I Get Excited and Depressed When I Read Stories Of Automation & Robots

I just read this article in The Guardian, titled “Robot factories could threaten jobs of millions of garment workers”

This is neither the first nor the last article to be published on this topic.

Also according to the article,the International Labor Organisation (ILO) has a report stating that up to 90% of workers in south-east Asia could face unemployment due to automation. So this is just one field. Now think about how automation will have repetitive jobs eliminated in all the different fields not just in developing countries but also in the developed world! It will be an unemployment nightmare because it is far difficult for people to update their skill sets in a short period of time to apply for new opportunities.

A simple Google Search with the words “Automation Job Loss” gives 1.3 million results. This already shows the volume of articles in this area.

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Sewbots are unlikely to appear in factories in Asia, the report says, but will be installed in destination markets like Europe and the US. It is such a big threat that the ILO urges Asean countries to start planning to diversify to “avoid considerable setbacks in development”.

I get excited when I read about automation because new tech is awesome and I get depressed because the transition for people to acquire new skills and be part of the workforce will be an increasingly difficult job.

Obviously this is not just a technology issue but a societal issue. So, factories will be coming back to the developed countries from these emerging markets but they don’t enhance employment opportunities in the developed markets in any significant way either.

Adidas announced a factory in Germany that will begin manufacturing shoes using robots in 2017. The “Speedfactory” will employ just 160 people: one robotic production line will make soles, the other production line the upper part of shoes. With an additional factory planned for the US, it is a scheme Adidas describe as a “gamechanger”.

Currently an Adidas shoe takes 18 months to produce from idea to shelf. The aim is to reduce this to five hours, with customers able to customise their order in stores.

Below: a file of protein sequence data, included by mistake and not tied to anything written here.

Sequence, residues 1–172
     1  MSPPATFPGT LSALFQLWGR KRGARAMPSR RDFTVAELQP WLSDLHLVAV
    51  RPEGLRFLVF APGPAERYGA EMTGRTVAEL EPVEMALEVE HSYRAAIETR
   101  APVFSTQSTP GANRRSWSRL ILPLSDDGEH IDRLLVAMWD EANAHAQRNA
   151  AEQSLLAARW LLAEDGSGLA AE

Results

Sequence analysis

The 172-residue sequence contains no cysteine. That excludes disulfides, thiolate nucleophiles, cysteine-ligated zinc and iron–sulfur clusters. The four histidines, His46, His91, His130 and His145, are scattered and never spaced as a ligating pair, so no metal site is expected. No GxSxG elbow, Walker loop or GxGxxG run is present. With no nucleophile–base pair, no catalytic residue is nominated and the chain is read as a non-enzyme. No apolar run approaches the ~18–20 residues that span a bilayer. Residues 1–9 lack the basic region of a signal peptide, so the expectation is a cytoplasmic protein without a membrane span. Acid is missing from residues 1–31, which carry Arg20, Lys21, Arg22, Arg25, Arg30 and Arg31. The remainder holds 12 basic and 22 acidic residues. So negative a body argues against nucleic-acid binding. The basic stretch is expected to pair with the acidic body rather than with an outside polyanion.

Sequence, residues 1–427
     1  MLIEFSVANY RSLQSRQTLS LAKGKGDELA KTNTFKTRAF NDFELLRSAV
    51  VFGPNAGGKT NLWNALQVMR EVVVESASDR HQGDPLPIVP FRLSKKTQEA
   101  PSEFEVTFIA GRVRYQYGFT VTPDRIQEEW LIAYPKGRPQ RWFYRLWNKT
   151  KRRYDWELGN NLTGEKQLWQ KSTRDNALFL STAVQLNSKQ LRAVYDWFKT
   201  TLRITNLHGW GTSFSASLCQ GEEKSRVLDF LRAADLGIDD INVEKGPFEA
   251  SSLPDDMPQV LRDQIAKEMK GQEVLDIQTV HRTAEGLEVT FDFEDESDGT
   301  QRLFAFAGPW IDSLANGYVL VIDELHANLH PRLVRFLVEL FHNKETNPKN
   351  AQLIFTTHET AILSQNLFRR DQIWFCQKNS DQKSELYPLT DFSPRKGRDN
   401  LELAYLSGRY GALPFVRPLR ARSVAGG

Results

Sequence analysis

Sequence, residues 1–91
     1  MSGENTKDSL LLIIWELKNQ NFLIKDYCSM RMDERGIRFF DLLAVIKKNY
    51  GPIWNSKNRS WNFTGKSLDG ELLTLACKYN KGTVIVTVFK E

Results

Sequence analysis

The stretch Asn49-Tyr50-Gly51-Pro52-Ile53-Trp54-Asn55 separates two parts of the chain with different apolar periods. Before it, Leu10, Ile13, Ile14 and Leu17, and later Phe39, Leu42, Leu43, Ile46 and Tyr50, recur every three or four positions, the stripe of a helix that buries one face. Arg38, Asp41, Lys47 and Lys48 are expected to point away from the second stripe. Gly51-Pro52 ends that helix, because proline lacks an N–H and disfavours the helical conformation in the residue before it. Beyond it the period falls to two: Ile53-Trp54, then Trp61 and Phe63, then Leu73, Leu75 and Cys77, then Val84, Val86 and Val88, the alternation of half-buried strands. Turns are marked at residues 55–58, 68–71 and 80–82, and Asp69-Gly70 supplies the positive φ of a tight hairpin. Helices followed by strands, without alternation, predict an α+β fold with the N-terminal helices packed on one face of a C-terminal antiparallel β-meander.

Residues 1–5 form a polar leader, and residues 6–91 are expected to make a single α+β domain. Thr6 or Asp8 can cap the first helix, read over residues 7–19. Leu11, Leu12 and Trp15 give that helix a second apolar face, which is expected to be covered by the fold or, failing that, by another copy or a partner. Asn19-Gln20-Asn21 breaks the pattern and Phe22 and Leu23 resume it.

There is a significant amount of experts who are pushing now to create some sort of “Basic Income” to counter this phenomenon. The idea of a “Basic Income” is that the state will providea minimum amount of money needed to survive to all it’s citizens so that it could provide financial security for people and at the same time help unleash their creative juices, get them to take more risks and be more entrepreneurial in their pursuits.

There is question and answer about how to tackle this automation in this specific context.

For the millions of people who stitch clothes and shoes for a living and who look set to be hardest hit by automation, could robots be an opportunity for fairer work?

“In a best case scenario, robots take on board the most repetitive, mundane and non-cognitive tasks of apparel manufacturing,” explains Chang. “Robots would also assume more of the dangerous and dirty tasks, like mixing of chemicals which can be hazardous to human workers. Ultimately, human workers would be able to perform more satisfying and rewarding, as well as higher-paid, jobs in the sector like programming robots for better production and design.”

I think this is more hope talking rather than reality. Because the transition to automation and building such factories will be lot quicker than making structural changes in the economy or for people to update their skills.

So, this again brings me to emphasise the importance of Frugal Innovations and creating quality, accessible, sustainable and affordable solutions.

So, as the quote goes “If not us, who? If not now, when?”

Businesses and innovators in both public and private sector need to learn to create such solutions because people and organisations with lesser financial resources will demand such solutions.

Author: Venkata Gandikota

Venkata has more than 13 years of technical engineering, research, ideation, strategy and business modeling experience. Based on his experience with the Indian market and realizing also the need for affordable & sustainable solutions for Finland and other European markets, he started The Nordic Frugal Innovation Society in late 2013 with 2 colleagues. By organizing ideation workshops and 2 major conferences involving Cities, Universities, and businesses he started to mainstream the concept in Finland and the Nordics. Gandikota has also written several articles focusing on frugal innovations in the Finnish media. He has also been helping Finnish businesses in India as CEO of Indianeer Consulting and gives guest lectures at JAMK University of Applied Sciences in Jyväskylä. He has a Bachelors in Chemical Engineering from India and a Masters in Environmental Engineering from USA.